Haller?? please help id

Discussion in '400-Day & Atmos' started by Burkhard Rasch, Aug 13, 2018.

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  1. Burkhard Rasch

    Burkhard Rasch Registered User
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    Jun 1, 2007
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    at the moment I´m on vaccations in France and don´t have mybook at hand ; got this one in a local Brocante for cheap with a flawless peroid dome. Could be Haller by the "flimsy" wheels,or one of the short-lived makers of the 50ies/early 60ies.Please help me out!TIA
    Burkhard

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  2. KurtinSA

    KurtinSA Registered User
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    Burkhard -

    Yes, it appears to be plate 1162 by Sigfried Haller...ca 1951. It's not the "time bomb" that I know of.

    Kurt
     
  3. Burkhard Rasch

    Burkhard Rasch Registered User
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    Thanks,Kurt,for Your help. AFAIK narrow plates came into general use in the late 50ies as a reaction on US tax regulations alowing the clocks with narrow plates being taxed as"watches",so IMO 1951 is a bit early for that one ,but at least it´s a Haller.Note the "split" anchor design,quiet unusual but effective. Someone obviously tried to "clean" the base with an aggressive agent causing the turquoise laquer to partly dissolve .This created a kind of "shabby chique" look,I think I´ll leave it that way at least for the next time.It´s missing the suspension unit , but mainspring is good .Will do a good service to the mvmt. as soon as I´m back home (2weeks).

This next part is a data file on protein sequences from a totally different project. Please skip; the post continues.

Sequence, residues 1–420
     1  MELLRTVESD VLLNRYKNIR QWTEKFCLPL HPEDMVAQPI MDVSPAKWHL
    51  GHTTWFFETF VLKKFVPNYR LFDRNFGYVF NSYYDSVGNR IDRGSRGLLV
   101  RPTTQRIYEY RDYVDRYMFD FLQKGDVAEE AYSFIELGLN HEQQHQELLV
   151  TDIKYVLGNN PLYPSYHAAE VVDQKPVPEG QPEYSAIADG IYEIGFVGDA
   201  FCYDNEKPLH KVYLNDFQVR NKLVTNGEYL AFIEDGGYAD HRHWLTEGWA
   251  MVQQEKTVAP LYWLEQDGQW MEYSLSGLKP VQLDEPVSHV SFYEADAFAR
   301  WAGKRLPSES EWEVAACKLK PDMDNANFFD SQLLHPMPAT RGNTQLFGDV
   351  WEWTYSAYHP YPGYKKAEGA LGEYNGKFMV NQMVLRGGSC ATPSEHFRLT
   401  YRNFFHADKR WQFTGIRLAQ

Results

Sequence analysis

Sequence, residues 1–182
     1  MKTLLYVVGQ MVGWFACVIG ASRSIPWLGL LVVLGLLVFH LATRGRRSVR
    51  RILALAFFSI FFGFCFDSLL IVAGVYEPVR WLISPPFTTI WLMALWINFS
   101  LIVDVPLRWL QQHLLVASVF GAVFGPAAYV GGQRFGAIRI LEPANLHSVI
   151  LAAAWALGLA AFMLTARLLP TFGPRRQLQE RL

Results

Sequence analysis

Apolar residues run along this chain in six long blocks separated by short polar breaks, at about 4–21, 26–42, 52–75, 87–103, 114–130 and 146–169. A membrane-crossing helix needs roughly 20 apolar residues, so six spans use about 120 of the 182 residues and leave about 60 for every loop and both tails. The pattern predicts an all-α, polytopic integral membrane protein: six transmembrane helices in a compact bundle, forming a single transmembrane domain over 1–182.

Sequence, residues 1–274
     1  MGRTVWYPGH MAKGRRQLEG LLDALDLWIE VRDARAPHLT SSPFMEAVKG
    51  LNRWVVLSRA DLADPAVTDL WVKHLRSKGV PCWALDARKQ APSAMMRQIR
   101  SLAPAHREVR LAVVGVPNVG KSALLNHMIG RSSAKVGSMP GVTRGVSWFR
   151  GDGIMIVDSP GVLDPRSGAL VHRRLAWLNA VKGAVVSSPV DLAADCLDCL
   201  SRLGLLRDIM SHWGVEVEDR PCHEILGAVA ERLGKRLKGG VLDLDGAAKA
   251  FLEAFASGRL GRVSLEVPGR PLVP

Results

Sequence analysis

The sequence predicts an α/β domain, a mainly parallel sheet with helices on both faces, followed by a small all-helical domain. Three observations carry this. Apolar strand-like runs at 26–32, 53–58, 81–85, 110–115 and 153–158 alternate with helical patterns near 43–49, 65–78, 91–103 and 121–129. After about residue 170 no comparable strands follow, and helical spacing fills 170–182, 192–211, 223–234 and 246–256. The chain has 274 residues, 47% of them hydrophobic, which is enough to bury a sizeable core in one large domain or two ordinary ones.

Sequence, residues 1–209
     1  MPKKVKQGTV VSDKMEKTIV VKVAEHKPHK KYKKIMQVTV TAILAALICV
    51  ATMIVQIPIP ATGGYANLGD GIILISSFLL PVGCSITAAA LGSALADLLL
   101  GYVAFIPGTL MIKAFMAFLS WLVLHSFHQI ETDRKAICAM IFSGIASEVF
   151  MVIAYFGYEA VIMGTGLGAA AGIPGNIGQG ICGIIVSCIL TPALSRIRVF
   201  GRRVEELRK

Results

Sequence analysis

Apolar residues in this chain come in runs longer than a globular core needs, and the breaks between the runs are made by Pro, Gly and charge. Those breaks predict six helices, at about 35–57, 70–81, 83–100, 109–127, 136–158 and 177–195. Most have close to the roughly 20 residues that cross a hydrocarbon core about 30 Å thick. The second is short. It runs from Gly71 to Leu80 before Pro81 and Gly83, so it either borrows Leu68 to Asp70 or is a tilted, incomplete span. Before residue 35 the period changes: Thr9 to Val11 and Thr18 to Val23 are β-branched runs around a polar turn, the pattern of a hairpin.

BTW I have a "time bomb",quiet an interesting clock and not dangerous as long as You know what You´re doing,and it is so attractive!!!
    Thanks again
    Burkhard
     
  4. KurtinSA

    KurtinSA Registered User
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    Just was looking at the repair guide on page 20...says that in 1951 Forrestville Clock Co. was the first to offer clocks with a plate width of 1.77" to take advantage of the new rule to reduce import duties. That made it a "watch"...right!

    Kurt
     
  5. Burkhard Rasch

    Burkhard Rasch Registered User
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    after a service and with a new SS the Haller is running strongly now.It was obviously the first service this clock recieverd since the plates still had their original laquer preserved . And -typical for cheap Hallers- the blocks were riveted to the SS and could not be used twice!
    Burkhard

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